Dr. Troilo received his Master's and Ph.D. degrees from the City University of New York and his B.A. from SUNY Oswego.  His post-doctoral studies at Oxford University and Cornell University.  An internationally known researcher in myopia, accommodation and the development of refractive error, Dr. Troilo has over 100 publications, holds two major grants from the National Institute of Health (NIH) and has received continued funding from NIH since 1955.
The position of Vice President is responsible for the overall administration, coordination and development of instructional policies, programs and faculty.  In addition the position oversees the curriculum implementation, research activities, program assessment, budget and planning.
Dr. Heath worked extensively with Dr. Troilo in the past.  He is confident that in addition to Dr. Troilo's wealth of experience that he will also bring to SUNY a commitment to excellence and a personal style that will help assure the achievement of our mission, the quality of our educational and research programs, and the success of our students.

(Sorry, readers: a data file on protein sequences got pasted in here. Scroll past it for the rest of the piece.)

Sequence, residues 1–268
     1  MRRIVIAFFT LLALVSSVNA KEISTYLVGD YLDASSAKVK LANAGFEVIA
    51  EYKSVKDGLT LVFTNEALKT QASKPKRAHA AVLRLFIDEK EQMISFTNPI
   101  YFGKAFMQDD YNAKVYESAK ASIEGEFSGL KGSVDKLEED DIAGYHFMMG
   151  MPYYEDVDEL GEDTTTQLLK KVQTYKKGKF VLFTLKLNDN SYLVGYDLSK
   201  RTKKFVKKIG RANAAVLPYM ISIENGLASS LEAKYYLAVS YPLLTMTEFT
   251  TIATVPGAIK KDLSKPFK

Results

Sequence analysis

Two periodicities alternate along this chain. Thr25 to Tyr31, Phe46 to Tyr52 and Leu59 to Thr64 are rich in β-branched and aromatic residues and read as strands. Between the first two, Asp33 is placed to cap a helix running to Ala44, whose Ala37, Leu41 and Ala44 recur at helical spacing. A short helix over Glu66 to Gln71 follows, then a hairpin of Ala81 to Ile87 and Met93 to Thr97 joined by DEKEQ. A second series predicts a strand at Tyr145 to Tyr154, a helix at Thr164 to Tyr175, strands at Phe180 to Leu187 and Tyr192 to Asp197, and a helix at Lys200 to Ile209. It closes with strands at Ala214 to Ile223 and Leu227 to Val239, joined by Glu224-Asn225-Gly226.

Congratulations and a warm welcome to David Troilo, Ph.D. on his appointment as Vice President and Dean for Academic Affairs.
Dr. Troilo will assume his position effective July 1, 2008 and will hold the rank of Professor.
F O C A L   P O I N T

Partners for Sight Foundation Supports SUNY Homebound Program

The Reader's Digest Partners for Sight Foundation has awarded the Optometric Center of New York (OCNY) a $25,000 grant in support of expansion of the Homebound Program into the borough of Queens this Summer.  The initiative will provide much-needed vision care to underserved patients throughout the borough in the coming year.  This is a first-time grant from the Foundation.